By your own statement, this nonsense is "full 1984" in spades.
  19. umbala

    umbala TS Maniac Posts: 197   +176

    This is a typical "I can't see the forest through the trees" type of argument. It's very easy to erode our civil liberties little by little over a long period of time without people noticing what's going on. This kind of reminds me when people say things like "If you're not doing anything illegal or suspicious, then you should have no problem with the police looking into your house to see what you're doing!", which is totally not the point. To quote a famous man;

    "The best way to take control over a people and control them utterly is to take a little of their freedom at a time, to erode rights by a thousand tiny and almost imperceptible reductions. In this way, the people will not see those rights and freedoms being removed until past the point at which these changes cannot be reversed."

    ...and that famous man was Adolf Hitler.
  20. I feel my own government is more of a threat to my privacy, freedom and peace of mind than any terrorist
    Last edited by a moderator: Jan 22, 2015
  21. Hexic

    Hexic TS Evangelist Posts: 445   +273

    I completely agree - and albeit via sarcasm, that's the point I was trying to convey.. as my last paragraph stated. There is a line between government omnipotence vs. external threat security. With technology evolving so fast, the possibility of new ways to be taken advantage of, or (such as this thread) new development of peacekeeping tools is inevitable.

    One must keep the evolution of technology in mind while debating these privacy topics -because you can't use the same 'they [the government] need to know very little' mentality anymore. It won't work. The outside world wanting to mess us up will try anything and everything to get an edge on us, and it's our government's job to protect from as much of that as humanly possible - with respect to privacy rights. I'm not ignoring the rights of everyone to privacy at all, I completely believe Orwell's ideology is possible with enough time and lax standards. Believe it or not, there is a point where new lines will be drawn (we're damn close, if not already there) to what realistically consists of privacy to an extent. Not radical lines, but unfamiliar for some who don't consider all variables in the total equation, controlled and uncontrolled.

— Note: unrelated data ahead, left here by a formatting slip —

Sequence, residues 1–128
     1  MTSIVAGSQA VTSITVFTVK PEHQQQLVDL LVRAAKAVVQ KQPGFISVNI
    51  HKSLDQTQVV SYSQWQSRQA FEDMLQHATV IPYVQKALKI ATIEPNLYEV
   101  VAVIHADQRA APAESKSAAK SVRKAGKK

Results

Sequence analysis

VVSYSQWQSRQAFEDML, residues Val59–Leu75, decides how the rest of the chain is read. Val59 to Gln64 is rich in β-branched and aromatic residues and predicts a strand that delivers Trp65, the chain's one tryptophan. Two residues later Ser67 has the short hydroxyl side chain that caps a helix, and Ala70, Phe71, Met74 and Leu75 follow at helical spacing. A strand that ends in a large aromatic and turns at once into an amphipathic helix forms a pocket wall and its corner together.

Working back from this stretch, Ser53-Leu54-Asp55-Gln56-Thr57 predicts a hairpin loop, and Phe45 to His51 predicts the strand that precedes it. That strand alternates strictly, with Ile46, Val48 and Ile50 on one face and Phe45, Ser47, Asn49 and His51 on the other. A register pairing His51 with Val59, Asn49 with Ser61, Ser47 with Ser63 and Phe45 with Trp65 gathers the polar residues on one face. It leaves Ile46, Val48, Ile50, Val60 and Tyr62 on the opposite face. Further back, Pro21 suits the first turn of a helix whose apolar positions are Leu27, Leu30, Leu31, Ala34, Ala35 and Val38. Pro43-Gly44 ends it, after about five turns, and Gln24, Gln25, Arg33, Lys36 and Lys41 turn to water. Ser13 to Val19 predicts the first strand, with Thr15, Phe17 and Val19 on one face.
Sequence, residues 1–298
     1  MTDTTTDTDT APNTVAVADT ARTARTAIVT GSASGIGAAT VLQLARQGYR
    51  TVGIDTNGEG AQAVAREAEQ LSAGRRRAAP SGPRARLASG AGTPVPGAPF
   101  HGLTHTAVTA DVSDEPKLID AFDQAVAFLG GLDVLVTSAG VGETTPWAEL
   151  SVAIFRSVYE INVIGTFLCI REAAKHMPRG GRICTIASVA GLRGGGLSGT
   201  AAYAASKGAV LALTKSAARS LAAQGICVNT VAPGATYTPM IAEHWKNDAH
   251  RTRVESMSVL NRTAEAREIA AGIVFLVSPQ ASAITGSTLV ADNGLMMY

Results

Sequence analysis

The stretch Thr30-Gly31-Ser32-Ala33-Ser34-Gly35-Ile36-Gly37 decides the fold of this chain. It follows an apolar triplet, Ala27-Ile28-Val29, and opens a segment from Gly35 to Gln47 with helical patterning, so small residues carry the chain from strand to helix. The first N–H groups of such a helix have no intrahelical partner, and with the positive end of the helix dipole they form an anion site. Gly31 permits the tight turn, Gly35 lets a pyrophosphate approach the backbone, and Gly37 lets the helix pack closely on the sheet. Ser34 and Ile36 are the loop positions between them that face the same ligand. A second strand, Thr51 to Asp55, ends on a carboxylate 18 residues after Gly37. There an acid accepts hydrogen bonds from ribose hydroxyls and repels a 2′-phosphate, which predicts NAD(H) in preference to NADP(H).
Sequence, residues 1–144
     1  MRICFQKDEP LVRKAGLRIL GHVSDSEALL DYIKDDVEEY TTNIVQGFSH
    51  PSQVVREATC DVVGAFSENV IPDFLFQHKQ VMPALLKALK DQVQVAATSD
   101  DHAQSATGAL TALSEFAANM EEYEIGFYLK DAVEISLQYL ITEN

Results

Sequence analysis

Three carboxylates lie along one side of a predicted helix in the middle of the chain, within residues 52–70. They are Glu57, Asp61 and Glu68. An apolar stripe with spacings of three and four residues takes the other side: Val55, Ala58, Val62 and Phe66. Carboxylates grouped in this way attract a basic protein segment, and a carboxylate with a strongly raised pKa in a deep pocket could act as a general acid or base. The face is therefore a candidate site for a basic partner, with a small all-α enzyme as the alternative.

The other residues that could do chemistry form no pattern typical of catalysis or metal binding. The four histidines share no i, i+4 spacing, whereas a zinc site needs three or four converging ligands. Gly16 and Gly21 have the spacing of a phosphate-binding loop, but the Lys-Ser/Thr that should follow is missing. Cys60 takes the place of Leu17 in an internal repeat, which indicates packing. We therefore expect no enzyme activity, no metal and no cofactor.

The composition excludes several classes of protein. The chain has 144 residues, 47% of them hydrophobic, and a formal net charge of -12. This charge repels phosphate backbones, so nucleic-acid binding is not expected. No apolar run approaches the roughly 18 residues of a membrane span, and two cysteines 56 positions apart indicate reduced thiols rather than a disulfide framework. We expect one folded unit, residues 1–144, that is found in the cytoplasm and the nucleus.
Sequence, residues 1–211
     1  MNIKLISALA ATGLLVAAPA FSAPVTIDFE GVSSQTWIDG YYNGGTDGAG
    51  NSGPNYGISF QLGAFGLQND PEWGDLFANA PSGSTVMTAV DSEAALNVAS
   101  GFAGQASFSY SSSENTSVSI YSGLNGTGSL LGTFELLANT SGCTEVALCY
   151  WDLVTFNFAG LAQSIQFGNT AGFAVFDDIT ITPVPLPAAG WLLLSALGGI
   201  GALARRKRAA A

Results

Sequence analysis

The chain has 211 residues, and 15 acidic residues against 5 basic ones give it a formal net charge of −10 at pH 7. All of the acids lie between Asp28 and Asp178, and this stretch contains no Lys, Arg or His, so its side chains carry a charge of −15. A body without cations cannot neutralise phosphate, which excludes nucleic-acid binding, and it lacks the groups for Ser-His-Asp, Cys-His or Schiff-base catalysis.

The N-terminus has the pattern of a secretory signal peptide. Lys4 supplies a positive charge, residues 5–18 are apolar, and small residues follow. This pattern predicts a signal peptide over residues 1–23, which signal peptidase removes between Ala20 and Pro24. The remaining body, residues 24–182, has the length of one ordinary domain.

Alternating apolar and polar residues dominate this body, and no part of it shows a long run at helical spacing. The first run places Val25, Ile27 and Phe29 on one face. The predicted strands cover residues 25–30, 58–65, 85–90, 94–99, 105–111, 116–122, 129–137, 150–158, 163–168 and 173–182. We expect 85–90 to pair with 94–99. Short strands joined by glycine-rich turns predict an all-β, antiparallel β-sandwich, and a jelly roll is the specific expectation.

But honestly.. making rash statements such as 'I'm more scared of my own government then any foreign entity out there' off of a piece of equipment, instead of maybe..
    Enlist and serve one tour in the campaign out east. You'll experience what real tyranny is. Foreign and domestic.
  22. Emexrulsier

    Emexrulsier TS Evangelist Posts: 591   +76

    If this is a really a device why are they showing pictures of a model or fake product. Look at the display on the image where it is showing scan and 30ft etc thats just a sticker. They have shown a picture of a toy if that.
  23. The problem isn't so much that they're checking to see if you're home - the problem comes in when they don't get the address right, which has become a problem lately - odd they can make use of thousands of dollars of military hardware and train with military grade weapons, but can't seem to do basic police work to verify an address. In which case, then what they're doing is checking to see if you're home not to knock on the door... but to kick it in, with tear gas, guns drawn, etc., and yes, that I DO have an issue with.

    You kick in my door, slam me to the ground, all but burn up my house with tear gas grenades - you damn well better have a warrant, and it damn well better be for my address, and I damn well better have done something.

    Let's work a bit more on the accuracy of our information and police work leading up to the police action... and maybe the public won't have an issue with using more gear like this. I have no issue with police using gear like this to save lives and help, but more and more we're seeing military hardware in the hands of people that haven't mastered civilian level detective work yet.
  24. Hexic

    Hexic TS Evangelist Posts: 445   +273

    That's not an issue of hardware, that's an issue of intelligence gathering prior.

    The event of getting the wrong address is extremely rare in the grand scheme of forced entries. It may be happening more than it has in the past, or it may simply be reported more heavily because of the hysteria certain individuals are attempting to place upon law enforcement overall.

    Either way, an example of picking the wrong address is terrible, and the owner(s) of said residence should be fully compensated plus something extra, in my own opinion. But these are rare cases.. and one can't generalize an argument over a rare anomaly. Doesn't hold up at all in debate.